Transformation of the judicial system

July 1st, 2012

By Victor Dercksen

In any scientific research, it is a sine qua non that there must be absolute agreement in respect of the keywords relating to the subject postulated. If not, the participants in a subsequent debate will be arguing at cross purposes because they will advance from divergent vantage points.

In the article ‘Have your say on transformation of the judicial system’ in 2012 (Apr) DR 13 the word ‘transformation’ is used almost ten times.

Many years ago Professor Pierre Hugo, a former lecturer in the political science department of Unisa, indicated to me that it is imperative that the outcome of proposed transformation must be unambiguously clear. Should this criterion be applied to the proposed research referred to by the Justice Minister in the ‘Discussion document on the transformation of the judicial system and the role of the judiciary in the developmental South African state’, the test will fail because the research may result in changes in several spheres of the judicial system.

An analogue in the medical profession amply illustrates the point: In a celebrated court case a plastic surgeon performed an operation on the face of a female patient, the object of which was to vastly improve her looks. Unfortunately, the result was disastrous and the patient sued the specialist for damages. The court awarded substantial damages and found that the surgeon failed to explain to his patient that the proposed transformation could have disastrous results.

It is axiomatic, therefore, that the ultimate result of the transformation (as envisaged by the Minister) must initially be explained to the general public. This is a sine qua non. Should the Minister fail to discharge this obligation, the use of the word ‘transformation’ could simply be applied to disguise the real motive of the party pleading for transformation.

Of course, this is not the first time that this word or concept has been applied, but it was also canvassed at the negotiating table some decades ago. Arguably, the participants could palpably have been cross purposed as to its real intent. Dr Leon Wessels, one of the architects of the Constitution, stated publicly at the Stellenbosch Woordfees this year that the negotiating parties eventually agreed on 34 principles that were to be embedded in the Constitution. A Constitution Amendment Bill that aims to effect changes to the basic values of the Constitution requires a majority vote of at least 75% of the members of the National Assembly and of at least six provinces in the National Council of Provinces in order to be passed.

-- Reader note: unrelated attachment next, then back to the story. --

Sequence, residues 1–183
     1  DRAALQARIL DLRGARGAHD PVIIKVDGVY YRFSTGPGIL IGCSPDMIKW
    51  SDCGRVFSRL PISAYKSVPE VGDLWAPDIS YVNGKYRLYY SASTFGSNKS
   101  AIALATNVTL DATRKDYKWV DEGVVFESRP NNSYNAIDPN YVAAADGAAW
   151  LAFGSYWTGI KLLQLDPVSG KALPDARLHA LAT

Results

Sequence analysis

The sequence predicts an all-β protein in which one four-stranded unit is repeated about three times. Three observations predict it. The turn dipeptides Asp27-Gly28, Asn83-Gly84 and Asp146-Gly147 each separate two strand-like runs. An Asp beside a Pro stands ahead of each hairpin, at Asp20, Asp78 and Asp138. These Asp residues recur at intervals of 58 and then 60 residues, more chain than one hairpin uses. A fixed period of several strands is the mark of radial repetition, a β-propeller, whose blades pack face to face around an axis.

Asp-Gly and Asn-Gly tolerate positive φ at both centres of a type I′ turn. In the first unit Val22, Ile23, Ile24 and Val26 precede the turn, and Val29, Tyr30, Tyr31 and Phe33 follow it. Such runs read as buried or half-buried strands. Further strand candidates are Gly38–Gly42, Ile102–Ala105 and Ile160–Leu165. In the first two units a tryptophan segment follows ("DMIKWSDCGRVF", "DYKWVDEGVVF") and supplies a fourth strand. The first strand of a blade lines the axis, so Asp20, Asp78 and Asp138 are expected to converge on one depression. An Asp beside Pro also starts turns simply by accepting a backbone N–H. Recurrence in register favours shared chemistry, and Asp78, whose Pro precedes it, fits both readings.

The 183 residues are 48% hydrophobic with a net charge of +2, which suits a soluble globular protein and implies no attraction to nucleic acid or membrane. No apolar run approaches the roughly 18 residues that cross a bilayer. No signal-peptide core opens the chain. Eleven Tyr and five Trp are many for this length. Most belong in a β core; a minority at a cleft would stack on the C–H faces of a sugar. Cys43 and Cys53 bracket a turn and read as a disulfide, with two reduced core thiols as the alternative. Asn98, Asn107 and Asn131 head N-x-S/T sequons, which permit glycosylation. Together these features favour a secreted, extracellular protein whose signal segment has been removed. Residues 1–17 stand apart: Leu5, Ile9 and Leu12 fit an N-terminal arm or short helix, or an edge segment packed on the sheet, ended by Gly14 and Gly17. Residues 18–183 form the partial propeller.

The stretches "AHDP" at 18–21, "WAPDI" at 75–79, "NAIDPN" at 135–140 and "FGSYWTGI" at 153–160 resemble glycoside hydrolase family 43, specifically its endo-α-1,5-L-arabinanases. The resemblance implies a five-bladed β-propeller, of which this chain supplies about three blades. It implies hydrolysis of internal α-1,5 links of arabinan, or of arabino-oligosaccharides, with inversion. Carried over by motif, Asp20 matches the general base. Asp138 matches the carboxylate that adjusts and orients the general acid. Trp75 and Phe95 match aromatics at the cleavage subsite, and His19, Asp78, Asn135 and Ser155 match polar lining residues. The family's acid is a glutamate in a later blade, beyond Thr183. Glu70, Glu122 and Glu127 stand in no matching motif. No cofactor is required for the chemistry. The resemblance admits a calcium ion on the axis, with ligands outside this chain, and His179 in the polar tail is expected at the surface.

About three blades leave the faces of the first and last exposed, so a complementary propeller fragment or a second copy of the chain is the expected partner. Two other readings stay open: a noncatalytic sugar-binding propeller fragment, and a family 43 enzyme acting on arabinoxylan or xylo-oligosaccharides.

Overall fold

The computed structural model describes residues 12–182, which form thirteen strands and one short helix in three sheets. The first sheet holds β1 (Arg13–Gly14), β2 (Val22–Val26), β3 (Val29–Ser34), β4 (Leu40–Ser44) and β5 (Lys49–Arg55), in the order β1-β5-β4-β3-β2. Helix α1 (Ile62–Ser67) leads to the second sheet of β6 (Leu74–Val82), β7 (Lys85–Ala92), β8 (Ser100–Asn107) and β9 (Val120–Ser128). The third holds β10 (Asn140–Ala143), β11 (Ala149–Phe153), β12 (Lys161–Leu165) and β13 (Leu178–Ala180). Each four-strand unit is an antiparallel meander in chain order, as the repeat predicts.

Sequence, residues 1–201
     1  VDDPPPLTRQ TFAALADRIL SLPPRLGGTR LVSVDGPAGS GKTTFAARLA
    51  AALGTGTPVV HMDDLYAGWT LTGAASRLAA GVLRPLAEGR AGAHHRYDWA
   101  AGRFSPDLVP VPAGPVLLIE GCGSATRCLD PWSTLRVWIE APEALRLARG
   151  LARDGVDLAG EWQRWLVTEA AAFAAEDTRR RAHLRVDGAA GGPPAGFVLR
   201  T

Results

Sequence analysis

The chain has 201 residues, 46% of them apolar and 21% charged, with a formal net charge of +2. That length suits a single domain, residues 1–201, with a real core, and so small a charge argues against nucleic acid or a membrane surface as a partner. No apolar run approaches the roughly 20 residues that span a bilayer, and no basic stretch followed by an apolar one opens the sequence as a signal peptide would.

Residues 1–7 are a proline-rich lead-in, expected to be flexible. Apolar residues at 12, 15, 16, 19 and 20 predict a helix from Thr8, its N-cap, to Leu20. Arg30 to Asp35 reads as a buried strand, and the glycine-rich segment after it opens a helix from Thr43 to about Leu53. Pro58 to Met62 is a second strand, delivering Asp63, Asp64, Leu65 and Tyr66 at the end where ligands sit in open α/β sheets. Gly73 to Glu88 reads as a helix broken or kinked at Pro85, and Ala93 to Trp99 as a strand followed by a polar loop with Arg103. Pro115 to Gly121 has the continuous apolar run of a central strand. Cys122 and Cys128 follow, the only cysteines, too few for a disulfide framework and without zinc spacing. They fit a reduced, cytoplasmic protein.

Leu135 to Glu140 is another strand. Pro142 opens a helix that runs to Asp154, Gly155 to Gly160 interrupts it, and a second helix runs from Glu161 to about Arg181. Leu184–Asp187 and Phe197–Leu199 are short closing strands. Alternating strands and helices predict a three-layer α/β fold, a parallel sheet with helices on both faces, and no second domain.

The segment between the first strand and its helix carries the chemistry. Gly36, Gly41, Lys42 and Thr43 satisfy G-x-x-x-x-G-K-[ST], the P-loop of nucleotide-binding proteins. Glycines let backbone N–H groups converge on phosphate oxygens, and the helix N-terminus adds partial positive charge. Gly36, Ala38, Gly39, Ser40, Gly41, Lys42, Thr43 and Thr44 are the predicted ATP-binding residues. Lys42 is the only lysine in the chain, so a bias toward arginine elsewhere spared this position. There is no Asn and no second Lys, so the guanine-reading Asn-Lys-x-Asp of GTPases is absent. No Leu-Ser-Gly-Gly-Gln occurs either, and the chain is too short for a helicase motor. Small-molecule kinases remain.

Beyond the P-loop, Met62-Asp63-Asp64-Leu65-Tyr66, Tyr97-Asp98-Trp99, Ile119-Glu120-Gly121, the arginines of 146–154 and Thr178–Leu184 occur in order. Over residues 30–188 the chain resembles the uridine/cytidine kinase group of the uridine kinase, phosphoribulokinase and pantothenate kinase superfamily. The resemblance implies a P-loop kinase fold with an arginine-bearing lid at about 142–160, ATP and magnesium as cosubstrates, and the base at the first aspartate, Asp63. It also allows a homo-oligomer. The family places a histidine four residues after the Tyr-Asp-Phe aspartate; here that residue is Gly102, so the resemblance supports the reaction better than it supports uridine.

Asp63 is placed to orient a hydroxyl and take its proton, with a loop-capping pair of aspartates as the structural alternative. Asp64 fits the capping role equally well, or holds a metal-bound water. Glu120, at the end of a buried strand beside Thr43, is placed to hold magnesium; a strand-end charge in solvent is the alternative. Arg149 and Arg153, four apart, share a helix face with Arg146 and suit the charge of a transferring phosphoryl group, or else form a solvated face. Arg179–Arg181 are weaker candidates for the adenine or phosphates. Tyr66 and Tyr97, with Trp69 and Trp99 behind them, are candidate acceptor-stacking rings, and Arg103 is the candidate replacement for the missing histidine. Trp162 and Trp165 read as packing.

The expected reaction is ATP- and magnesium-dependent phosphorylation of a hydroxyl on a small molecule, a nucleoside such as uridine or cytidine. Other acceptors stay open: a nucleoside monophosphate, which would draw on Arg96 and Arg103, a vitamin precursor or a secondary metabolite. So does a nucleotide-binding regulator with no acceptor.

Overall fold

The question now arises whether the Minister is only treating the symptoms (as evinced by negative court experiences for the government) instead of attending to the real cause of the malady.

It is my submission that the real causes are failures on the part of the government, including:

  • Laws are passed through parliament without carefully assessing whether they conform with the provisions of the Constitution.
  • Draftsmen serving the aims of politicians and ignoring the exigencies of the law.

The Minister alludes to the proposed assessment as being an ordinary evolutionary development and not an unusual exercise.

However, there is an uneasy feeling that the purpose of the exercise is to restructure the Constitutional Court in order for government to have the final say. Similarly, the feeling remains that this exercise has been triggered by Constitutional Court rulings that disturbed the government. Recently, members of the ruling party protested that the fundamental basis of the Constitution is that the people shall govern and that the Constitutional Court could not be allowed to undermine the voice of the people.

Ultimately, this gave birth to the entity now being appointed by the Minister to inter alia assess the decisions of the Constitutional Court since its inception (it is of course an open question whether research like this is not in the ambit of the South African Law Reform Commission).

I can safely assume that the very best legal brains in the country are being elevated to the higher courts.

A serious concern is who will be entrusted to act as ‘super judges’. It is a frightening thought that any layperson can be entrusted to assess the complicated domain of intricate legal matters. A politician also cannot be entrusted with this absolutely important mission (even if he is a lawyer, his principal duty is loyalty to the party).

South Africa recalls the abominable steps taken by a previous government, which packed the senate and declared itself a High Court of Parliament when a constitutional crisis occurred.

The branches of state are enshrined in the Constitution and they govern the administration of the country. Two of these branches are the legal and political spheres, both very important.

It is absolutely imperative that these two branches should not encroach on each other’s terrain. The citizens of the country must at all times be assured of the independence of the courts, and that the rule of law is fully respected and practised.

The predicament of the present government (or any civilised government) is contained in the more than 2000-year-old maxim emanating from Rome:

Quis custodiet ipsos custodiet? (Who guards the guards?/Who governs the government?)

Victor Dercksen BA (Hons) MA (Unisa) DPhil (NMMU) is an attorney at Dercksens Attorneys in Knysna.

This article was first published in De Rebus in 2012 (July) DR 60.